[0083] In response to reception via the SeNB 716, the UE 712 may apply the new configuration. The UE 712 may then at operation 4b reply, sending the RRCConnectionReconfigurationComplete message to the SeNB 716 rather than directly to the MeNB 714. The SeNB 716 may, in response, relay the

RRCConnectionReconfigurationComplete message over the X2-AP interface back to the MeNB 714. If the UE 712 is unable to comply with some or all of the configuration included in the RRCConnectionReconfiguration message, the UE 712 may perform the reconfiguration failure procedure.

[0084] After reception of the RRCConnectionReconfigurationComplete message, at operation 5 the MeNB 714 may inform the SeNB 716 that the UE 712 has completed the reconfiguration procedure successfully via a

ReconfigureComplete message. The MeNB 714 may also indicate in the ReconfigureComplete message whether or not the Split SRB has been successfully modified.

[0085] After creation or modification of the Split SRB, the UE may lose direct connection temporarily with the MeNB. Rather than initiate an immediate handover however, the Split SRB may provide an indirect connection with the MeNB, which may be used until handover is desired. FIG. 8 illustrates a MeNB changing procedure in accordance with some embodiments. The operations shown in FIG. 8 are exemplary, other operations may be present but are not described for convenience. The various devices shown in FIG. 8, the UE 812, MeNB 814, SeNB 816, MME 818 and SQW 822 may be shown in any of FIGS. 1-4.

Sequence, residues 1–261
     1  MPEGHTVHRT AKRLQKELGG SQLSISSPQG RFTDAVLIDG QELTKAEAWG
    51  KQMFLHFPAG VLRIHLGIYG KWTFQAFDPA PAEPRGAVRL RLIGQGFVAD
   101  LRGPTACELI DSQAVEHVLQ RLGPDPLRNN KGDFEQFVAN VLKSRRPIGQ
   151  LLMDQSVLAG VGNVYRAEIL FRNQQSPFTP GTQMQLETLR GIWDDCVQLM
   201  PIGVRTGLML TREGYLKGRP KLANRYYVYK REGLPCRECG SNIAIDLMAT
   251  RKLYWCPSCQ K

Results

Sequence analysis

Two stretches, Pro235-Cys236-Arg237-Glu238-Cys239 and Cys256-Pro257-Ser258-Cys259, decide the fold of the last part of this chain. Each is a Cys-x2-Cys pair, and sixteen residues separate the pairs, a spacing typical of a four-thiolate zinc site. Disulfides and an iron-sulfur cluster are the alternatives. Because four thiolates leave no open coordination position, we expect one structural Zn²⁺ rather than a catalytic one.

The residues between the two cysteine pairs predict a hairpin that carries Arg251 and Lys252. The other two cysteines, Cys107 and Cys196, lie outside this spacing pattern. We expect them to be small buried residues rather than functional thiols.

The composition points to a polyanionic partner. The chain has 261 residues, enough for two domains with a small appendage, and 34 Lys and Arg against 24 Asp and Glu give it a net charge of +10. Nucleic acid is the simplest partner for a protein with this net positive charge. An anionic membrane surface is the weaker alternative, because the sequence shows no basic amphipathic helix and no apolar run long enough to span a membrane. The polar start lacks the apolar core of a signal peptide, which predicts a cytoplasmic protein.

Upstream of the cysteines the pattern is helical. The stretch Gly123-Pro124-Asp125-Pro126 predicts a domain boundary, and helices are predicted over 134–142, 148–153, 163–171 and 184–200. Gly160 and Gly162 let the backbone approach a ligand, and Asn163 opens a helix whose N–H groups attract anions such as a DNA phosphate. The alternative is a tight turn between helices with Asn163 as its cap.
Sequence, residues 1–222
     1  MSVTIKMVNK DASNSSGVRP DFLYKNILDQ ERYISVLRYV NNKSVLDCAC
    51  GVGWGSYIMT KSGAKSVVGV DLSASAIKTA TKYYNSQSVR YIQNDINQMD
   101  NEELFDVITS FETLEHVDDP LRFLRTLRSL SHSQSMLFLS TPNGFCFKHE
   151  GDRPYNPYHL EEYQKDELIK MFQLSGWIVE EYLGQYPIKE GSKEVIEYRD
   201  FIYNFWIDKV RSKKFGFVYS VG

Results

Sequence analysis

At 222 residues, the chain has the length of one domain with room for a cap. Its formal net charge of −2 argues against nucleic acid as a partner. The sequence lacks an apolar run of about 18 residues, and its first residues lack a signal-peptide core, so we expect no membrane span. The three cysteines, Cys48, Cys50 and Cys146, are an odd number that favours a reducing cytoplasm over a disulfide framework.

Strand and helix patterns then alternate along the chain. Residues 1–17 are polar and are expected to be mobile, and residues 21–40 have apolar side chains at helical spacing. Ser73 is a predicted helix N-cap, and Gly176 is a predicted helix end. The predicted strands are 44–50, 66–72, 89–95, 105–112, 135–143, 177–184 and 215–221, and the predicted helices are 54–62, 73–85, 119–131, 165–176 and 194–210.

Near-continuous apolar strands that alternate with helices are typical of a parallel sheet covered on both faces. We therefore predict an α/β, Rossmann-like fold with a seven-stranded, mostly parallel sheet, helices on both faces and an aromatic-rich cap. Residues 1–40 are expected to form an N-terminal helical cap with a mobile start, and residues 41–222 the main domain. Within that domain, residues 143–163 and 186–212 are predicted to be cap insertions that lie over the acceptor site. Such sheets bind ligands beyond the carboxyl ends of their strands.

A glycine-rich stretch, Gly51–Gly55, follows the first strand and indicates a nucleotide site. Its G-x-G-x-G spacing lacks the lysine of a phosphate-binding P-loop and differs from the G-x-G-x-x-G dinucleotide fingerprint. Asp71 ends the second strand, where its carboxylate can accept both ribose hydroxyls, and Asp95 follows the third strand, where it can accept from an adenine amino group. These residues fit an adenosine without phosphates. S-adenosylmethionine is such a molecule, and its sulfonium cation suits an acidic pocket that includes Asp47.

[0086] In general, handover may be initiated after the UE 812 may transmit a measurement report to the source eNB (MeNB 814). The measurement report may comprise a measurement of reference signals to the UE 812 from the MeNB 814 (or the source eNB in the handover procedure). The measurement report may include, for example, the signal-to-noise ratio (SNR), the signal-to-interference plus noise ratio (SINR) of the reference signals, the received signal strength (RSS), the bit-error-rate (BER) before or after the channel decoder or a Channel Quality Indication (CQI) report carried by the PUCCH, among others.

[0087] The MeNB 814 may, in response to receiving the measurement report, determine that handover of the UE 812 to the target eNB (SeNB 816) is to occur. For example, for an Intra-LTE (Intra-MME/SGW 822) handover using the X2 interface, the MeNB 814 may transmit a resource status request message to the SeNB 816 to determine the load on the SeNB 816. Based on a resource status response message received from the SeNB 816 in response to the resource status request message, the MeNB 814 may decide to continue the handover procedure to the SeNB 816 using the X2 interface. The MeNB 814 may transmit a handover request message to the SeNB 816, passing information to prepare the handover at the target side. This information may include UE 812 Context, which includes the Security Context, and RB Context, including E- RAB to RB Mapping, and the target cell info as well as the TMGI list. The SeNB 816 may check for resource availability and, if available, reserve the resources and transmit to the MeNB 814 a handover request ACK message including a transparent container to be sent to the UE 812 as an RRC message to perform the handover and the MBMS information of the SeNB 816. The container may include a new C-RNTI, SeNB 816 security algorithm identifiers for selected security algorithms, a dedicated RACH preamble, and other parameters such as access parameters, SIBs, etc.